Next, I was curious to see if it was possible to reliably classify what position a player is based on his attribute ratings. While this has limited practical application (we already know what position each player plays), it could be interesting if it were modified for players at the high school level who sometimes play multiple positions and could suggest or assign players to a role that best fits their attributes. I tried a variety of models, and arrived at the best results with random forest and XGBoost.
I used Pipeline and GridSearchCV to train a random forest model. The model correctly classified 96.6% (greater detail shown in the confusion matrix below). Cases of misclassifying DL/LB pairs are acceptable given that, in some defensive schemes, player with the title “LB” often serve the role of a DL.
Like the random forest model, XGBoost also correctly classified 96.6% percent of cases, and rarely made mistakes outside of the DL/LB pair.
Suggesting Similar Players
While determining a player’s position from his attributes with a high degree of success was an interesting finding, I wondered if it was possible to suggest similar players using a nearest neighbors approach well enough to pass a qualitative test of . To test the output of my model, I polled a handful of friends who follow the NFL to ask them if they felt that the similar players generated accurately reflected playing style and ability.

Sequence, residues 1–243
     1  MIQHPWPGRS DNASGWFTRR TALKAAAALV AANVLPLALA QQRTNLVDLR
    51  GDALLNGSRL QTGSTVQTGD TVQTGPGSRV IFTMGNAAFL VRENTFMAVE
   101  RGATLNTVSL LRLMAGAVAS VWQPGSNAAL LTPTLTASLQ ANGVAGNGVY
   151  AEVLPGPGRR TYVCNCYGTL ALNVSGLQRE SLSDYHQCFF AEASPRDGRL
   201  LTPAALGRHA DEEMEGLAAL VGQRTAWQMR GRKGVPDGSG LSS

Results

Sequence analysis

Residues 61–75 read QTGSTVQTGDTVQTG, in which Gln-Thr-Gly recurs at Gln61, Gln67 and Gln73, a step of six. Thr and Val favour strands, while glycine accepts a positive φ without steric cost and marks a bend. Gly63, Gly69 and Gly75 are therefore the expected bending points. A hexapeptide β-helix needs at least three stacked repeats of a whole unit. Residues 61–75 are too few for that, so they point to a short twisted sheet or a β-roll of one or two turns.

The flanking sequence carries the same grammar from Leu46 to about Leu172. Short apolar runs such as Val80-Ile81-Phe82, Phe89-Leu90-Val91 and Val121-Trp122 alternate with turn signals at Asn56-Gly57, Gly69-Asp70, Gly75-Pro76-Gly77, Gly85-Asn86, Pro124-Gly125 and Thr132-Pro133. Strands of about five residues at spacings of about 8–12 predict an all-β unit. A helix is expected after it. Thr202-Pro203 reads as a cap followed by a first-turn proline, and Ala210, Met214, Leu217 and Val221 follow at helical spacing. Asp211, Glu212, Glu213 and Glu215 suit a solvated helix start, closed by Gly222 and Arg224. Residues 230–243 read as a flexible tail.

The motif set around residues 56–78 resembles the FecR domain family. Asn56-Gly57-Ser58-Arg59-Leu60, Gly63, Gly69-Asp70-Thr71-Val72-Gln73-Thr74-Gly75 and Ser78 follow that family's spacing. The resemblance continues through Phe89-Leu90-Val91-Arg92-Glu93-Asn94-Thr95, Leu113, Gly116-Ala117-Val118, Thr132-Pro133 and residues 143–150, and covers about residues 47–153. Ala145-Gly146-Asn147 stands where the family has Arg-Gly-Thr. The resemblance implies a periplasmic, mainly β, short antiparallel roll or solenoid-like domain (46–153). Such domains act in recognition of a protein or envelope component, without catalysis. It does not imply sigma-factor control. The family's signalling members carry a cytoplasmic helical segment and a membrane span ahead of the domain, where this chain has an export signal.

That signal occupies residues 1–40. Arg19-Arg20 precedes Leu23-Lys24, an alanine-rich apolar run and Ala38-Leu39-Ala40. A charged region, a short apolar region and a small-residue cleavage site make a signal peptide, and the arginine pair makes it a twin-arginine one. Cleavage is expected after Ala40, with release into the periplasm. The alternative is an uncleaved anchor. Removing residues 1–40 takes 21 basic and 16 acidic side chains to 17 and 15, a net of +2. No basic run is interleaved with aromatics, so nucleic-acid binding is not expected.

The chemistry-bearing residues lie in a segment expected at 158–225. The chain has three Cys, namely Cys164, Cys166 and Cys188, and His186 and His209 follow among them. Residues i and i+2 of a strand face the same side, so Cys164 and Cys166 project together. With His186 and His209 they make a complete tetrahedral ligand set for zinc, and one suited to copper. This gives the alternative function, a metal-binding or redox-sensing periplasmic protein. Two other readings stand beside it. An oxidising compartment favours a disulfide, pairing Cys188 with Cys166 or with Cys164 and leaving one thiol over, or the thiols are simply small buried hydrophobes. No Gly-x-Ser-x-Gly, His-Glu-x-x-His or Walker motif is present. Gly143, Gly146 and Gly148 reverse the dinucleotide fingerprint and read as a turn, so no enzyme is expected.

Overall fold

I wrote a function get_similar_players that takes in a player’s name and the number of similar players requested (n). The function grabs all other players at the position, then runs a nearest neighbors algorithm over the set of players to generate a similarity score for each and return a sorted n component list of similar players. The model worked surprisingly well.
For example, the five most similar players suggested for wide receiver Tyreek Hill were Tyler Locket, Brandin Cooks, Doug Baldwin, Desean Jackson, and T.Y Hilton. Tyreek Hill is distinctive for being small relative to other wide receivers and very fast, and all of these players match that description. It’s worth noting that physical characteristics like height/weight were not directly incorporated in the model, but are likely captured indirectly by attribute ratings.
Another example: the five most similar players suggested for quarterback Tom Brady were Drew Brees, Philip Rivers, Matt Ryan, Eli Manning, and Sam Darnold. All of these quarterbacks exemplify the characteristics of a classic “pocket passer” that is less mobile but adept at throwing accurate passes.
This result may have practical applications in constructing a successful team around a set of particular player roles (ex: some teams prioritize having a mobile quarterback, faster linebackers who can cover well, etc.). Football is known to be a sport where strategic roster construction can have a meaningful impact on a team’s success.
Player ratings are updated each week during the NFL season in response to on-field player performance. It would be interesting to attempt to reverse-engineer the formula applied to update player ratings by including on-field performance statistics.
It would be interesting to extend this analysis to other professional sports like basketball and soccer which also have major video game titles that provide many player attribute ratings.